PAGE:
String literal in java

Literal: A literal represents any constant value of boolean, character, numeric, or string type. Example: “Jai”, 11 etc.

String Literal Syntax:

String stringReference= “Value”;

String Literal Example:

public class Main {
 
    public static void main(String[] args) {
        String myName= "Jai";
        System.out.println(myName);
    }
}

Output:

Jai

Why java uses the concept of string literal?

String literal concept is used to make Java more memory efficient. As multiple references can point to one value in string pool and no new object will be created if it already exist in string constant pool.

String literal vs String object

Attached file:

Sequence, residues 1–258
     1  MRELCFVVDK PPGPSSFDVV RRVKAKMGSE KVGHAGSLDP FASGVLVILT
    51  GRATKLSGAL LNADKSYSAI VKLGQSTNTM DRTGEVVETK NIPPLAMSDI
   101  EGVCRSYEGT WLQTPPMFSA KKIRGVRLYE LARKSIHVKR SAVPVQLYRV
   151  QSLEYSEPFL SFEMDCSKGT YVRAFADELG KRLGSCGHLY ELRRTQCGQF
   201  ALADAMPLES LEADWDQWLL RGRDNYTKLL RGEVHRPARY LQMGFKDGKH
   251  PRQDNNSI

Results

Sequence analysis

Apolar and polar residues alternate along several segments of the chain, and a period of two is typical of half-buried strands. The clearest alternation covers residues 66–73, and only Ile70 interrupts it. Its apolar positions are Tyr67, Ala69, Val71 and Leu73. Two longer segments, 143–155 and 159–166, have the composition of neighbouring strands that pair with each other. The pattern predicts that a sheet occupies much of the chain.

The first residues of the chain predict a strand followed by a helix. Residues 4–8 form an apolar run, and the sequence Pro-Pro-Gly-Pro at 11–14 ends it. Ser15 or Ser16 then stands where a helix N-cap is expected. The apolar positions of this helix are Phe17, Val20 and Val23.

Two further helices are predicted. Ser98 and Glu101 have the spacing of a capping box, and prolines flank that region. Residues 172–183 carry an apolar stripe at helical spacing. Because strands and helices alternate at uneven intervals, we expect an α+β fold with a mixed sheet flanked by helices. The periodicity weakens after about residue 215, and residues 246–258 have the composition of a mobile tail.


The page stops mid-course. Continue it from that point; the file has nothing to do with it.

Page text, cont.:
Main difference between String literal and String object is that, in case of String literal new instance will not be created if string value is already present in the string constant pool but in case of string object, a new string instance will be created whether the value is present in the string pool or not.

String Literal vs String Object Example:

public class Main {
 
    public static void main(String[] args) {
        //String literals
        String testString1 = "test";
        String testString2 = "test";
 
        System.out.println(testString1 == testString2);// true
 
        //String Object
        testString2 = new String("test");
        System.out.println(testString1 == testString2);// false
        System.out.println(testString1.equals(testString2)); // true
    }
}

Output:

true 
false
true

Read more on string handling

Java interview questions on String Handling

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